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Rare Xenix spotted in the wild

I'm sure there are no breeding pairs left, but every now and then I hear of a Xenix machine still wheezing away in some small company. Yesterday I had an Ingenio call that began with the dreaded words "I'm working on a Xenix system".

My page at Ingenio gives fair warning about this:

I probably cannot help you with SCO Xenix! I used to do a lot of Xenix, but that was a long time ago and I have forgotten most of it.

Because people don't always read carefully, I made sure I said something like that right up front: Xenix was a long, long time ago and I've forgotten a lot. I'm willing to try, but you might not get good answers.

The caller wanted to proceed. Through Ingenio, he's paying by the minute, and it's not cheap ($5.00 a minute right now and I'm apt to raise it at any time). Fortunately, at least part of his problems weren't difficult and actually he almost could have just read High Speed Modems for SCO Unix , though Xenix's inittab is a little bit different. He had other problems though, and the machine needed constant rebooting - not a good situation at all.

Part way through this, he asked if he could arrange something where he wouldn't be paying by the minute.

Umm, well, yes, but.. it's not going to be cheap. I have various support plans that could be used for this, but the cheapest is $400.00, and while sometimes I'll answer a question or two for free, this wasn't one of those times.

I tend to be supply-side driven. That is, when I'm not busy, I'm more free with my time. If I'm in a slow period and you call me out of the blue, I might be willing to chat for quite a while and give lots of free help. But if you catch me when I'm up to my neck in work as I am right now, there's no freebies .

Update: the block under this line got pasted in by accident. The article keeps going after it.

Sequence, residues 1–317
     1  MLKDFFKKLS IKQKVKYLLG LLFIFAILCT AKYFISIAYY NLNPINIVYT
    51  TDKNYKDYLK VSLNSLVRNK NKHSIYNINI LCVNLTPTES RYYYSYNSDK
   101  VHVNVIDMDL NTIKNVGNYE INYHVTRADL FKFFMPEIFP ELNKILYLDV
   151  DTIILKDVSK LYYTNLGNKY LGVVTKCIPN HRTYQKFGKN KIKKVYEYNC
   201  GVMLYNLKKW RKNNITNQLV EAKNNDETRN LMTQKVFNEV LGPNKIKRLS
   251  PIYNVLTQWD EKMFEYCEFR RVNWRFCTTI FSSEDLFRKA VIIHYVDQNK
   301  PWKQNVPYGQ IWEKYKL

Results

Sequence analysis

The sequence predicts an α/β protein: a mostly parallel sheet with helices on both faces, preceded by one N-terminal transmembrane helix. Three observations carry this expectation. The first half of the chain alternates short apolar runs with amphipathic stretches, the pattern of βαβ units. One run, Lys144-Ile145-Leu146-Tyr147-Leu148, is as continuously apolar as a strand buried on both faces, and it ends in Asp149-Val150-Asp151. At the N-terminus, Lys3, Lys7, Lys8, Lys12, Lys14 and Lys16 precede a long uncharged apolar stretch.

I was explaining that to a friend yesterday who said it ought to be the other way around: if I'm not busy, I must need money, so I shouldn't be giving away anything then. I disagree, though you might argue that consultants should never give away time and I'd tend to agree in general. But I do things my way, and that's my choice, right?

Anyway, I don't know if this Xenix machine will survive long. He said he had a clone of the drive, and I suggested shipping that off to a data recovery firm to be transferred to media he could read with a Linux or BSD machine more easily - though there are other ways to do this, and he could easily (though slowly) transfer files by uucp or other means.

It's possible he might be able to run his ancient SCO binaries under Linux or BSD, and although I think it would be a bad choice, he could also probably run them under a more modern SCO version.

Who knows if this is the last Xenix call I'll ever get? It could be; these old geezers have to be dwindling down to a very few running machines.



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© Anthony Lawrence







Fri Jan 27 15:21:07 2006: 1571   BigDumbDInosaur